The EU is in the midst of negotiating a far-reaching Mercosur trade deal that seeks to expand market access and trade between the two regions, including Brazil. It is imperative that the EU sends an unequivocal message to President Bolsonaro that the EU will refuse to negotiate a trade deal with Brazil until there is an end to human rights violations, strict measures to end further deforestation and concrete commitments to implement the Paris Agreement.
In the past, the EU has suspended trade preferences with countries involved in human rights violations, such as Myanmar and the Philippines. In addition, the EU has restricted imports of products whose production is related to human rights in the case of conflict minerals. It is time that the EU takes a similar, tough stance to prevent a deterioration of the human rights and environmental situation in Brazil.
We therefore call on you to:
1. Immediately halt negotiations for an EU-Mercosur free trade agreement.
2. Guarantee that no Brazilian products sold in the EU, nor the financial markets underpinning them, are leading to increases in deforestation, land grabbing of native lands or human rights violations.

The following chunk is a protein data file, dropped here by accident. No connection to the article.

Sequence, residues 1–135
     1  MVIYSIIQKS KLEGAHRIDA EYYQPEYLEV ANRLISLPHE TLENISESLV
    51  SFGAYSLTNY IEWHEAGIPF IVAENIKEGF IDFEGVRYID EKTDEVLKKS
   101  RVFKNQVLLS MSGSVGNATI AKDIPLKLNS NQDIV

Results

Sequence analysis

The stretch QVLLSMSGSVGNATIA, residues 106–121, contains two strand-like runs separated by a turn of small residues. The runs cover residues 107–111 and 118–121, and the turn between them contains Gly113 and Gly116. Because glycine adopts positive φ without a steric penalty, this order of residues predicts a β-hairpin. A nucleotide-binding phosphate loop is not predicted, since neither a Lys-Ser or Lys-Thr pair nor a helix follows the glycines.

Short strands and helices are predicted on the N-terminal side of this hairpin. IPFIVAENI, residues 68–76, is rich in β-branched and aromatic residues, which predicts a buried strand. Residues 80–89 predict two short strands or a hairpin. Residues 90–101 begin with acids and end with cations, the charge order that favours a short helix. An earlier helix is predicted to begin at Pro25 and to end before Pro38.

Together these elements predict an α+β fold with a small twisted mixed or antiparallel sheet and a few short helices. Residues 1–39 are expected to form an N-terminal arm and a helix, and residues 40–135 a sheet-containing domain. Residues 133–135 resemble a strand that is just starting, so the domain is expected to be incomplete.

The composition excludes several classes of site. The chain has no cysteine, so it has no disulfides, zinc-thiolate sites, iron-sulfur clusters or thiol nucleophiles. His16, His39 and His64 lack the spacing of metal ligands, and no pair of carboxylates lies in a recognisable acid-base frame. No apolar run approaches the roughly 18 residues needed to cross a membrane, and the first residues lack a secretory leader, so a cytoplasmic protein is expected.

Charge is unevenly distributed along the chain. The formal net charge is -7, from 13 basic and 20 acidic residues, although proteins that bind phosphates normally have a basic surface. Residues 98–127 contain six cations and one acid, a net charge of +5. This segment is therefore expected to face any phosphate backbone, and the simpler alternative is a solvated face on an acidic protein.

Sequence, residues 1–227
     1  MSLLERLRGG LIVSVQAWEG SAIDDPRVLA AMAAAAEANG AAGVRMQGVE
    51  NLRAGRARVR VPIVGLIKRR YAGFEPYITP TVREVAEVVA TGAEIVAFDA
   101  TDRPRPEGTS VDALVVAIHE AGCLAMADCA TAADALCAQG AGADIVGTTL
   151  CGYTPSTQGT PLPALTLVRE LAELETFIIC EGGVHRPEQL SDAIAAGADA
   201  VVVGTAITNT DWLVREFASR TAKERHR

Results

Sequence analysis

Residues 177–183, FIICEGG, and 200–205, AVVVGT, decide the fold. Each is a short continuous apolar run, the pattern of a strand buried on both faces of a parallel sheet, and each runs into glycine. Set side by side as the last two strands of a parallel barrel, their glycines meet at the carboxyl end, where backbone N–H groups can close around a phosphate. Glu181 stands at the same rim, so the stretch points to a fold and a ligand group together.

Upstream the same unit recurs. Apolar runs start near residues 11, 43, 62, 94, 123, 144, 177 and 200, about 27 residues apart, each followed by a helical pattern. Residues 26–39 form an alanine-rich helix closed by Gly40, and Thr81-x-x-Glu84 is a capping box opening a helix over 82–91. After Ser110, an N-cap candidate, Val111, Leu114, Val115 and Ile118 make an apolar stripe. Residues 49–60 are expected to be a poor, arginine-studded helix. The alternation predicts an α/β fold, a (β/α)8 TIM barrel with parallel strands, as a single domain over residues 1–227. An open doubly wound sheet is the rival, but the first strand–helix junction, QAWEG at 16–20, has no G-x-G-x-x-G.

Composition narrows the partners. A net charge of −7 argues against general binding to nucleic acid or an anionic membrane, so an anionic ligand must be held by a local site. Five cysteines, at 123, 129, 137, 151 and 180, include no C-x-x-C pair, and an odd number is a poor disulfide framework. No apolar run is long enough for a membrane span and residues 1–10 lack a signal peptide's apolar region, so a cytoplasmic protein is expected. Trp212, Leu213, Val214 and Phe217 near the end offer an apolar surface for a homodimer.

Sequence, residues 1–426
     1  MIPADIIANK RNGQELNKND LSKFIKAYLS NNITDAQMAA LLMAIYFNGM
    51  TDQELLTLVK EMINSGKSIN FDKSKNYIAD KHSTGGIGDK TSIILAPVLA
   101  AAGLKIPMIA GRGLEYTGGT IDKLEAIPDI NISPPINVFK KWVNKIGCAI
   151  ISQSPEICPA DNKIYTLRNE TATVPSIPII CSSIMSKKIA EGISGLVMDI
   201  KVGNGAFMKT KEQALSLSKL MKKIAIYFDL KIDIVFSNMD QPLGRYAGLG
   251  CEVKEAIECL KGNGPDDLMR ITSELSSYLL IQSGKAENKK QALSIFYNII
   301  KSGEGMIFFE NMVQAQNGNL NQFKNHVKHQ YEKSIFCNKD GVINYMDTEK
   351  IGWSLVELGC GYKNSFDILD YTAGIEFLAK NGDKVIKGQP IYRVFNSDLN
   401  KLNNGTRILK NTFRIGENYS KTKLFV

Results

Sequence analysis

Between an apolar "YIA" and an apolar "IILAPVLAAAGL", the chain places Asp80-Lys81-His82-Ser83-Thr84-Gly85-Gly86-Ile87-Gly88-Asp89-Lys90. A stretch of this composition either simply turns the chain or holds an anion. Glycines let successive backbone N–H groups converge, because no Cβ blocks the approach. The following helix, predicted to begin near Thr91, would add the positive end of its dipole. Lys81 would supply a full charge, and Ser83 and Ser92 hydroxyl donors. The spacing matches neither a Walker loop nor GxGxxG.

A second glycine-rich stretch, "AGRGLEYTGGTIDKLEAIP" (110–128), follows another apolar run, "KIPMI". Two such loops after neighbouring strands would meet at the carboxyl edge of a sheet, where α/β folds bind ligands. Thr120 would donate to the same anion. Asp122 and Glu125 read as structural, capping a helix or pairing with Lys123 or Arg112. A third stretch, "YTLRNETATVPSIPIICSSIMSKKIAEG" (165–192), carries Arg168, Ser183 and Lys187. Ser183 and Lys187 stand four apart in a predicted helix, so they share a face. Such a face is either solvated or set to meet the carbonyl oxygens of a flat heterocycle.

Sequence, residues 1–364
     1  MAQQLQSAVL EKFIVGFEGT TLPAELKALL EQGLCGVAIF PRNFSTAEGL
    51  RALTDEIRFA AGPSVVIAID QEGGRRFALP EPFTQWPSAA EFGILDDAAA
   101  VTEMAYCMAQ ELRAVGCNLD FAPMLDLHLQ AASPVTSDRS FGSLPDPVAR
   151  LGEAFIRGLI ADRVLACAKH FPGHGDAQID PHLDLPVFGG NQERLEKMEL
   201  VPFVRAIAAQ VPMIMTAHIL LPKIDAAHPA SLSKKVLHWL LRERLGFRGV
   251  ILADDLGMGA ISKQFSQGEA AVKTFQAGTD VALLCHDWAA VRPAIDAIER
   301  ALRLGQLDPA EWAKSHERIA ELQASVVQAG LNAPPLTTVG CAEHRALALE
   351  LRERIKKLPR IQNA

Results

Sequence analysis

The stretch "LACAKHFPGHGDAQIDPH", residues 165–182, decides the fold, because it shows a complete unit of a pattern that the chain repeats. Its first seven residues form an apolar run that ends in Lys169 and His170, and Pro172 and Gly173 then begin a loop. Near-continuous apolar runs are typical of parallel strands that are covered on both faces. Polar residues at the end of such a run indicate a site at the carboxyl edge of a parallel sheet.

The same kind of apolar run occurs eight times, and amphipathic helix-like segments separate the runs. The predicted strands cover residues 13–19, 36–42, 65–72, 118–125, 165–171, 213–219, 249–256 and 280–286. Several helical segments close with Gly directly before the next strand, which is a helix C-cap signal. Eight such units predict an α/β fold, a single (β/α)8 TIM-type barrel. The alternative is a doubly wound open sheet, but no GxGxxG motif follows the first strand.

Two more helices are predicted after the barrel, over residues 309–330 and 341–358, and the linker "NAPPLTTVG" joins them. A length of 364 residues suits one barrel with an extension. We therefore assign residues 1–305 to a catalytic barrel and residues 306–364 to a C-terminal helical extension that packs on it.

3. Demand confirmation, with material evidence, that the Brazilian government will fulfill its commitments as part of the Paris Agreement on Climate Change.
4. Increase support for Brazilian civil society, including strengthening the implementation of the EU Action Plan on Human Rights and Democracy and proactive consultations with Brazilian civil society organisations that address human rights and the democratic functioning of Brazilian civil society.
5. Monitor and respond to human rights violations—including investigating cases since Bolsonaro’s election—and strengthen mechanisms to protect human rights defenders. For those most at risk, including Indigenous peoples and environmental defenders, the EU should provide direct and urgent support where required, including through political representations.